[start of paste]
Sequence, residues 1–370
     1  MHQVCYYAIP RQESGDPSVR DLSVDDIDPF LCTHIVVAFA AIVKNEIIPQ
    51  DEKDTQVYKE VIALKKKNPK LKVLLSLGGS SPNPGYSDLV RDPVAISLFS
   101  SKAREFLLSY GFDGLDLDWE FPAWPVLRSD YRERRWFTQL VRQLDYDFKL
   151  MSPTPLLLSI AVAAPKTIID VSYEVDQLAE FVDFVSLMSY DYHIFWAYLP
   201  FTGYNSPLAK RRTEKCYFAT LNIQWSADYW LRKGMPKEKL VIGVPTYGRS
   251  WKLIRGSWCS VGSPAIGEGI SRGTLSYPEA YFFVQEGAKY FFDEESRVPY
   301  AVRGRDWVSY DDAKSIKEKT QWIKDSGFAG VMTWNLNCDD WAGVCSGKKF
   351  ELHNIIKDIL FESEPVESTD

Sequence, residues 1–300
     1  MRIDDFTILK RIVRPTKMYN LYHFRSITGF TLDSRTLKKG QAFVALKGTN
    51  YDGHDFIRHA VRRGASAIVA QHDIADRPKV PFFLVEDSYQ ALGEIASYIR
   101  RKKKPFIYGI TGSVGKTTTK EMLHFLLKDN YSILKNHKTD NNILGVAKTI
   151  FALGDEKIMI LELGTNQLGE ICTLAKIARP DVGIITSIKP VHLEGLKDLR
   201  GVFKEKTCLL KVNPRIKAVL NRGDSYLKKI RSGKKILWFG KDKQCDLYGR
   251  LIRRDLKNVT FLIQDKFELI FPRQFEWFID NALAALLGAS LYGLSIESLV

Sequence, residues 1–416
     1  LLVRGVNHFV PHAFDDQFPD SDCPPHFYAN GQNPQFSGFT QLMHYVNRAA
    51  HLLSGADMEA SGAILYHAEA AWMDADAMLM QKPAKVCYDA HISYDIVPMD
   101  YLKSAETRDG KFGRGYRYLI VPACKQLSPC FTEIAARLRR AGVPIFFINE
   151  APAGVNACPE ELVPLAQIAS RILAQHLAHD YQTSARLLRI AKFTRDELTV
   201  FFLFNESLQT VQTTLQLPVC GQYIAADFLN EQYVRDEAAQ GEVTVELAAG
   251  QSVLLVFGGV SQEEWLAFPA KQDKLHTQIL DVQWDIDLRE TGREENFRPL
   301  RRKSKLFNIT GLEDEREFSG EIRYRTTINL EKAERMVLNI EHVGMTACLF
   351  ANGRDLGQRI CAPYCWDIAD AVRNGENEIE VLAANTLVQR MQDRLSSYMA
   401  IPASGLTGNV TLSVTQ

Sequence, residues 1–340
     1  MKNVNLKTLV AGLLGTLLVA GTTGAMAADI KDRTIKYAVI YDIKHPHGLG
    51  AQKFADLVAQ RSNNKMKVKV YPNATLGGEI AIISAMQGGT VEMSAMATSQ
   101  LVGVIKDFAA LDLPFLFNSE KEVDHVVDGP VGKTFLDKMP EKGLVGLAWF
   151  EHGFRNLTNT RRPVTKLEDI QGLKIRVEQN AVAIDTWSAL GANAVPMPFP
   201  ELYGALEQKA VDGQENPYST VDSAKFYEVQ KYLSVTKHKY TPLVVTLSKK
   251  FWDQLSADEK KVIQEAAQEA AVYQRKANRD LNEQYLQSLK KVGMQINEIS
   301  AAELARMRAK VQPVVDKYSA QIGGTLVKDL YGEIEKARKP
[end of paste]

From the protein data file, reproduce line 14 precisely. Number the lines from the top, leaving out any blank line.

   151  FALGDEKIMI LELGTNQLGE ICTLAKIARP DVGIITSIKP VHLEGLKDLR